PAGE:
David Thomas felt that there was a better way for a manufacturer’s sales rep firm like his to help systems integrators sell more residential and commercial technology products to their clients and trade partners. The president of Denver-based Momentum Group felt that instead of commoditizing the expensive products sold by the smart technology industry by “writing a price on a piece of paper and shoving it across the table” to an architect, designer, homeowner, contractor, or builder… that training, education, and demonstration were essential.
In addition to creating one-minute how-to videos for professional installers and a web portal for researching and ordering products, Momentum made a major investment to transform a 6,000-square-foot, 120-year-old former lumber company headquarters into a high-tech design center/training facility that shows just how seamlessly tech can blend into a room.
Located just south of downtown Denver, the builder (called “924” after its street address) showcases multiple brands of complementary audio and video technology, all working together like it should in a person’s home or office building. The facility was renovated at no charge to the manufacturers or to the dealers that Momentum Group serves.
It is located in a very hip little corner of the world, which also includes a coffee roaster, a distiller, a brewer called Renegade, and a popular barbeque restaurant. Nowhere on the rep firm’s building is there any reference to the technology that resides inside.
“The goal is to make people feel comfortable in the space, rather than overwhelmed by tech,” Thomas noted. “When an architect, designer, or homeowner walks through the door, they’re in a 120-year-old building that’s brick and timber,” he said. “They see things like an old safe that is original to the building from the early 1900s. They also see a space that opens them up to take a deep breath, and have a conversation about technology, which is about the last thing they usually want to talk about it; they hate those conversations, but if they can see products in here that are working seamlessly together, and they see the wallpaper and a cool blue bike, then they’re open to a conversation.”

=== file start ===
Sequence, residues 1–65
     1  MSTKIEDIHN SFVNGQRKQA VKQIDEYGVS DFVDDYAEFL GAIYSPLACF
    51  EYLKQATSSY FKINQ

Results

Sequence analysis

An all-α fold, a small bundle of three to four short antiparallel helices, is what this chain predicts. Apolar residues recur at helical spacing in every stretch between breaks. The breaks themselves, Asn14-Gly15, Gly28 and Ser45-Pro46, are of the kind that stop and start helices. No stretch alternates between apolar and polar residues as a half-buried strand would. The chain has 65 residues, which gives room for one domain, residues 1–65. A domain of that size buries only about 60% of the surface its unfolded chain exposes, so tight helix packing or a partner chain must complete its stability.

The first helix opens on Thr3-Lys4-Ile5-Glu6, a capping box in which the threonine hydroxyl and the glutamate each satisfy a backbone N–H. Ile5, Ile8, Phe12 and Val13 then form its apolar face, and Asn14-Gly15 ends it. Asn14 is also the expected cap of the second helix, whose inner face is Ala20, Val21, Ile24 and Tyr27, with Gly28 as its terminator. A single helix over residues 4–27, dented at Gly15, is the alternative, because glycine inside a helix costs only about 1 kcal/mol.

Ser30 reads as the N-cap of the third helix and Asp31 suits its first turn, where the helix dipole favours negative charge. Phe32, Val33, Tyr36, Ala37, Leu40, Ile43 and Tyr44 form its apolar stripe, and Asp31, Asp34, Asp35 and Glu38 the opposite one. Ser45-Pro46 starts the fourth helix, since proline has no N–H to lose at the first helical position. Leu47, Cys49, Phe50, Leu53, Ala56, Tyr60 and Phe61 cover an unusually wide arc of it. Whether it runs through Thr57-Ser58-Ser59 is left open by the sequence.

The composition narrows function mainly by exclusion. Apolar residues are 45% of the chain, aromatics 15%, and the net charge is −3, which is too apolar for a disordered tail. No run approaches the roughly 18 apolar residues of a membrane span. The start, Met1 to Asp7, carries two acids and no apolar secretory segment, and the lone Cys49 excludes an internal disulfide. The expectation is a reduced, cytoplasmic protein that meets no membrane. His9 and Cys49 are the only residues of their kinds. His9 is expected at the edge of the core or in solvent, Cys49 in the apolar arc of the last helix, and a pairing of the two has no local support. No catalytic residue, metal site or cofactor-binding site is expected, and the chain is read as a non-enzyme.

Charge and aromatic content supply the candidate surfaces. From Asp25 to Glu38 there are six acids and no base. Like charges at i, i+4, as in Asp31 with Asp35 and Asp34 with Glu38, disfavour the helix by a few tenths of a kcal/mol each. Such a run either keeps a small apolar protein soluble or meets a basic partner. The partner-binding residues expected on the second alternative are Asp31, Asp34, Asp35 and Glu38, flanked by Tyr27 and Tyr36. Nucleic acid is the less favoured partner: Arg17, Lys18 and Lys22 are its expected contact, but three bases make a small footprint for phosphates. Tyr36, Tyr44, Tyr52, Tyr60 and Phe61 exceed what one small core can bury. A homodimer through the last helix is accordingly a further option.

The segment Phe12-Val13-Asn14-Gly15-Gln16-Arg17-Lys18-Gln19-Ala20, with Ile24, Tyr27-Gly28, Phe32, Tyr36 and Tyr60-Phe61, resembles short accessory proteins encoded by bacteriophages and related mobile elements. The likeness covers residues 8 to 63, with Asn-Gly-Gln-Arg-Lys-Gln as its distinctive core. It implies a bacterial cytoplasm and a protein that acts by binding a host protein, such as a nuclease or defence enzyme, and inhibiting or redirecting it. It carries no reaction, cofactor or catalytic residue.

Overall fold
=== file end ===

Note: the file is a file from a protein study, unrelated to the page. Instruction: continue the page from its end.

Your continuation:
Educational sessions can be held for smaller groups of around 15 people in the training center upstairs, or the configuration can be changed to 30 seats facing the same direction toward an LED TV. Seating also can be pivoted 180 degrees to accommodate 80 or more people, auditorium-style, on two different levels. Catered lunches, coffee from the roaster next door, or beer from the brewer across the way in the evening make the space come alive even more.
924 is open 24/7/365 to dealers to show their customers new products integrated into the space or to host parties for architects or other business partners. Momentum Group has a small office
space within the building, with glass doors that separate it from the showfloor during events.
“We show a number of products in here that we don’t even represent, so that a customer can see what a building is supposed to do,” Thomas said. “We can put CEOs and CTOs in a seat, and they see the shades drop in a single push of a button. They see a TV move out on an automated mount, and they’re ready for teleconferencing. The whole idea here is if a CEO is sitting in this seat, and he’s watching this room happen, we want him or her not to say, ‘How much is that TV?’ but, ‘Can you do that in my office? Can you do that in my conference room? Can you do that in my home?’ This is one example of how technology should work together to create a solution that people understand and ask to have happen in their building. We never talk to a customer about brands.”